Advisers, employers and staff will all ultimately lose out by splitting pension commission
The rising issue of employers working in cahoots with pensions advisers to split provider-paid commissions has rightly drawn severe criticism from other advisers and employers alike.
I can see how some employers may think it clever to impress the financial director by ’earning’ extra money for the organisation through splitting and sharing any commissions with their corporate adviser.
But the bottom line is that the employee is left paying higher than necessary annual management charges – thus funding their employer’s extra earnings. When this wheeze is discovered by staff, which will surely happen, if not in the short term then years down the line, the negative fall-out will far outweigh any gains.
We may not be as litigious here in the UK as our peers in the US, but this does not rule out the possibility that we could see staff here suing former employers which did not live up to their corporate responsibility of offering best value pensions.
This is yet another reason that provider-paid commissions need to be removed and another way found to fund workplace pensions and advice – by using adviser commissions or fees.
Few providers or advisers are keen to put their hands up publicly and say splitting provider-commissions is a good idea – this secrecy itself should be a warning bell to those involved that all is not well.
At the moment too many employees have too low an awareness of pensions, never mind the costs associated with them. But as financial education in the workplace grows, employees as consumers will become more savvy and start asking questions.
An employer wanting to preserve its consumer brand will be severely tarnished by stories of such underhand tactics in the benefits package.
Even employers that are not doing anything underhand need to question the AMCs being charged by some advisers and providers and fully understand why these are being charged at such levels. Everyone needs to earn their crust, but some AMCs are still unreasonable given the level of service offered in return.
Everyone needs to earn their crust, but some AMCs are still unreasonable given the level of service offered in return.
It is no longer good enough to simply say that the AMC an employee pays through their employer is lower than they would get in the individual market so they are better off anyway.
Good advisers and good providers are offering competitive rates, others needs to follow these examples.
Debi O’Donovan is editor of Employee Benefits magazine
This practice, which one hopes is only occasionally conducted, does prompt you to question if any party involved actually benefits. Although the obvious disadvantage is for the member, there could also be significant implications for the employer, adviser and pension provider.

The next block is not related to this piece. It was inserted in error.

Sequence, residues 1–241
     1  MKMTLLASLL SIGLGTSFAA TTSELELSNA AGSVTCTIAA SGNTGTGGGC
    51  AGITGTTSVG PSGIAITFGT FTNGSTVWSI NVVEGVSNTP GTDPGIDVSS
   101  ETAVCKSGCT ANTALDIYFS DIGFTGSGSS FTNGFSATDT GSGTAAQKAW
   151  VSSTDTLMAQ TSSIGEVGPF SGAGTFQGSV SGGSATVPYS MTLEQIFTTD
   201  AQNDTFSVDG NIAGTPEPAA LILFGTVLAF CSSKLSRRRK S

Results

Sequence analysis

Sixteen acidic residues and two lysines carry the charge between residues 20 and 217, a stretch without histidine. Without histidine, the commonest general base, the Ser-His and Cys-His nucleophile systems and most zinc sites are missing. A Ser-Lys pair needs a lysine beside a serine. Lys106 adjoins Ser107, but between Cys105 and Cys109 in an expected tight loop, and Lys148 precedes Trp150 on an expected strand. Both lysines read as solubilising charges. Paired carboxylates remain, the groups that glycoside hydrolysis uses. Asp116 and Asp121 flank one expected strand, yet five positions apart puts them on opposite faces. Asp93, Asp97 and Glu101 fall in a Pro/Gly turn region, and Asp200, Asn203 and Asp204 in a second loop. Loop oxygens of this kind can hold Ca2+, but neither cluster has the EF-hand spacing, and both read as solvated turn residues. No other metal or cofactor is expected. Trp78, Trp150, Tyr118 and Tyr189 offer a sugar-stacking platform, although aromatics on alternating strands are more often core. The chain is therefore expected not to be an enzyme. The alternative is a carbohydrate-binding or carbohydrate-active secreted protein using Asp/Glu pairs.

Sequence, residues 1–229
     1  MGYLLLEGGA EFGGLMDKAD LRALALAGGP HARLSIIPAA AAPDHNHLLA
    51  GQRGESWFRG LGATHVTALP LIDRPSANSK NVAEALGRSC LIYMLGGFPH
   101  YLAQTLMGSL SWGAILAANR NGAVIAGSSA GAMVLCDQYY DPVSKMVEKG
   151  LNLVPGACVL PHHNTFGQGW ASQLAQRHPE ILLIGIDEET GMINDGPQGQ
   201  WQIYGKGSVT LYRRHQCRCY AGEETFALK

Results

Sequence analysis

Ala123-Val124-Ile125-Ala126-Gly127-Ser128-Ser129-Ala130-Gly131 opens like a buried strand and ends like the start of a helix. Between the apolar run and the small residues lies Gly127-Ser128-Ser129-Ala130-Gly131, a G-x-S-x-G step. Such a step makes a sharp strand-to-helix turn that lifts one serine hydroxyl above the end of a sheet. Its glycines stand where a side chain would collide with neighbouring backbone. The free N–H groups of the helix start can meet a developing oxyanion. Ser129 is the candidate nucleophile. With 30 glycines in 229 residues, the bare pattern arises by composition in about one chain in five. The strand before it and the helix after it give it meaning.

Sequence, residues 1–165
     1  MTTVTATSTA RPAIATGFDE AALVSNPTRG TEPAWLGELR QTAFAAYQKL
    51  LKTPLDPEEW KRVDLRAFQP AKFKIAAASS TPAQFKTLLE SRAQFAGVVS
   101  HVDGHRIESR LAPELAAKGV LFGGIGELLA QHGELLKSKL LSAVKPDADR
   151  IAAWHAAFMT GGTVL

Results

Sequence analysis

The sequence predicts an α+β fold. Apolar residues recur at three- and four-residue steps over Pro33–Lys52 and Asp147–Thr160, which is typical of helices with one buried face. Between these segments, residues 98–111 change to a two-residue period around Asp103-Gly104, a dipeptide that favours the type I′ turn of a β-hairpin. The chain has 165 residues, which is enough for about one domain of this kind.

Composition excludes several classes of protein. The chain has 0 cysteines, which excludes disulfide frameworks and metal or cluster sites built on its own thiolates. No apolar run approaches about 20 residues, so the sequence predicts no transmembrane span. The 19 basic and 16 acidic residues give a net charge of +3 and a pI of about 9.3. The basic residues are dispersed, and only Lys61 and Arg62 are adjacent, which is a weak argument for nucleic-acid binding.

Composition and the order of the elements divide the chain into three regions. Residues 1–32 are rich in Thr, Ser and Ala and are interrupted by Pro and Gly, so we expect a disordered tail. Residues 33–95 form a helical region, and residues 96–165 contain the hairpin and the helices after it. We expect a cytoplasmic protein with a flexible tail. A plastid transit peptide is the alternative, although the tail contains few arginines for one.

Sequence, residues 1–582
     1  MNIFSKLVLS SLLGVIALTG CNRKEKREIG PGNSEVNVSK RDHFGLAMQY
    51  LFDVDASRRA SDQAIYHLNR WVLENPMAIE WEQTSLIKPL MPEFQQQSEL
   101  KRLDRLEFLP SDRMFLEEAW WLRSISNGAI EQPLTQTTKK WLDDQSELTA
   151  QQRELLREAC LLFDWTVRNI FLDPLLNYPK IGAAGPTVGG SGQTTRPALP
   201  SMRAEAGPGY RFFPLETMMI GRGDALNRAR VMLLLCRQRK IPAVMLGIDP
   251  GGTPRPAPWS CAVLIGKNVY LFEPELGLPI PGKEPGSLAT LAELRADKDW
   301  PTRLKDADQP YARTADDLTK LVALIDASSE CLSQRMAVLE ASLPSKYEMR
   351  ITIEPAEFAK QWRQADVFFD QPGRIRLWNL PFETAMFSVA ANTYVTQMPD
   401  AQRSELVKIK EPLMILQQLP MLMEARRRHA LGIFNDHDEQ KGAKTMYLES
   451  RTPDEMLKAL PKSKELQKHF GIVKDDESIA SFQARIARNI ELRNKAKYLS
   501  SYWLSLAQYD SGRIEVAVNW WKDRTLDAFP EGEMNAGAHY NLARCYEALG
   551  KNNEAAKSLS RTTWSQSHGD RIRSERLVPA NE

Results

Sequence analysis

The motives of the employer and adviser must be questioned. Who actually proposes this type of arrangement? You must suspect the adviser in order to win the business, as would many employers realise such a thing could be done in the group market?
The party with the least control in this situation, the members, will be the most disadvantaged, although they probably won’t even realise it. Higher scheme charges will inevitably impact on members’ funds being lower at retirement with the impact being felt more significantly by younger members. The AMC could be 300 per cent higher for the member than necessary, 1.5 per cent instead of 0.5 per cent on a nil commission basis for example.
The party with the least control in this situation, the members, will be the most disadvantaged, although they probably won’t even realise it.
Employers involved in this practice must be motivated solely by financial reasons. Perhaps they have the right intentions, to provide a range of benefits that they ordinarily cannot afford. Or do they need to simply improve cashflow and the company’s financial position. Whatever the motive, it is an unsustainable position.
Switching to a new pension plan with high charges can undermine members’ confidence in the employer. Rather than increasing staff satisfaction, commitment and engagement it could lead to distrust and resentment.
What would happen in the event that the employer has to significantly downsize the workforce resulting in a commission clawback for the adviser? Is it realistic to think that the employer would pay back their share of the commission?
Most pension providers have made attempts to improve client retention and the profitability of their group pension book. Why still offer high upfront commission? Surely this encourages unscrupulous advisers to switch providers again after any clawback period ends.
With our industry facing new challenges surely employers, advisers and providers should be working together to improve the long term future of our industry rather than taking a short term view motivated by maximising commission.
Howard Finch is a director of Citrus4Benefits